In the end, a little bit of skepticism on Sandra’s part would have gone a long way toward averting the whole situation. A simple call to her superior or to the police to confirm the investigation (we learn in a postscript that the police station is only a few blocks away) would have put an end to the farce from the beginning. But that requires the ability to disbelieve, which is hard for some people to do, particularly when it comes to people presented as authority figures. Compliance shows how far some people will go without pushing back against that kind of authority.

The Details
Released 2012
Directed & written by Craig Zobel
Starring Ann Dowd, Dreama Walker, Pat Healy, et. al.

October 2, 2013

We Won! But We Still Suck!

Sorry, this post isn’t about my alma mater’s football team, who managed a complete turnaround to dump Oklahoma State last weekend. Although, hey, woo-hoo for that, right?

No, this is about the stunning cap to the horrible year another of my sports crushes has had, that being DC United. Take a look at the current standings in MLS’s Eastern Conference and you’ll see why:

Not only are they at the bottom of the standings, they’d have to stretch quite a bit to even be the next-to-worst team in the table. For comparison’s sake, the walking disaster that is Chivas USA, the floor in the West, is on 26 points. What’s even worse is that DC had a great surge at the end of last season, returning to the playoffs and making it to the Eastern Conference final (vanquishing NYRB along the way – joy!). Things should have been better this year, or at least not this much worse.

Which is what makes last night all the more confounding and impressive.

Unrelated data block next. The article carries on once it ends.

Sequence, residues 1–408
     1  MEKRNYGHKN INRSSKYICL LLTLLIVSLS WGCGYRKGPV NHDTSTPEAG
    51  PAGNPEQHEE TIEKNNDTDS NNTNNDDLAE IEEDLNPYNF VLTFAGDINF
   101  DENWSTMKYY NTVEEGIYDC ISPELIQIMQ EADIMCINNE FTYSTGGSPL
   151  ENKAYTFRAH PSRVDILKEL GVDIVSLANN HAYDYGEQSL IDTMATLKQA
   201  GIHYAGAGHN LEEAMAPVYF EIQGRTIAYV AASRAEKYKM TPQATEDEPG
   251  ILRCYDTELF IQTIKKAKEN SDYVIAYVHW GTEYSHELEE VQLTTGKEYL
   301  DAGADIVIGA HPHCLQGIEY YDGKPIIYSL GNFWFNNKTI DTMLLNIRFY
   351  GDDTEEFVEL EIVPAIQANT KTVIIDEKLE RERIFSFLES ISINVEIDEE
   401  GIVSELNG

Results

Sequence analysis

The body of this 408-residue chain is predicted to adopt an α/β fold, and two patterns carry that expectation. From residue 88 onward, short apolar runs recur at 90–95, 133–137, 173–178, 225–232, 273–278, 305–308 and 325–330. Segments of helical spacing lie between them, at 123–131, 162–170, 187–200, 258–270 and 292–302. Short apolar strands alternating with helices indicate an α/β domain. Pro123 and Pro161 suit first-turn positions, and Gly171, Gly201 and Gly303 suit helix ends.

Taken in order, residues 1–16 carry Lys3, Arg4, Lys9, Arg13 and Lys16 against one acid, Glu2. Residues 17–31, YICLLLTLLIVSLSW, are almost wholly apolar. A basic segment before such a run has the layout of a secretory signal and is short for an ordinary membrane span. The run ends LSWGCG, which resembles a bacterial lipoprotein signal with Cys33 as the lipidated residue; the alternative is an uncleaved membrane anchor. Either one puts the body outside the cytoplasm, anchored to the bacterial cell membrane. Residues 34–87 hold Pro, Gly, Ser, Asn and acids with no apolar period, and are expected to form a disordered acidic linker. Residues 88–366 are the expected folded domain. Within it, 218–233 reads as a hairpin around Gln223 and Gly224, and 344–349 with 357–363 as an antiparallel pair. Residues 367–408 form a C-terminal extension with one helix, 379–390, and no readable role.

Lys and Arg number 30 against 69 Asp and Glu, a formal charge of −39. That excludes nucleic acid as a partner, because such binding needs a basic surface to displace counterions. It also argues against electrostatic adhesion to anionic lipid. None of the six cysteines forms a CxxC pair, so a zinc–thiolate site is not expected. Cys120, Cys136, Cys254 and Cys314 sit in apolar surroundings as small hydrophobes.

This season marks the 100th year of the US Open Cup. This is the American equivalent to the English FA Cup and similar competitions across the world – knock-out competitions (as opposed to league play), generally open to a wide swath of teams from various levels within the country. Essentially, it’s a national championship. It’s fabled, particularly in England, for matches when the lower-division underdogs upset the top-division fat cats.

Well, last night, DC knocked off Real Salt Lake – first place in the West, 1 point behind NYRB for tops in MLS – in Salt Lake to win this year’s Open Cup, 1-0. The lowest of underdogs knocked down Goliath. Thank you, Lewis Neal, for the goal!

As a DC fan I am, of course, quite pleased. It doesn’t erase the turd of a season the team’s had in MLS, but hardware is hardware and hopefully it will be a springboard leading to turning things around next year. But it does make me wonder if such an upset is part of what keeps the broader American sporting public from caring about the Open Cup. After all, the final was consigned to broadcast on GolTV, which isn’t even available on DirecTV or Dish Network anymore. That’s disappointing in an era when soccer is widening its reach on “real” TV – why, even this past Sunday, NBC took a moment during their primetime NFL pregame show to run through the Premier League scores from the weekend.

Honestly, I think the whole process confuses casual fans. In American sports there is one competition, one goal. Every NFL team has one preferred endpoint for the season – winning the Super Bowl. There is no ancillary glory to be won along the way. An English Premier League team, on the other hand, begins the season looking at several ways to win glory – the league itself, the FA Cup, the League Cup, not to mention European competitions. At the end of the NFL season, there is one champ to rule them all. By next spring in England there will be several.

So I’m not sure that the Open Cup fits well into the consciousness of the typical American sports fan. Which is a shame, because it’s a competition with a rich history that rivals the World Series or Stanley Cup and is more ancient than anything professional football or basketball has to offer. It deserves more attention.

And, hey - my team won it this year!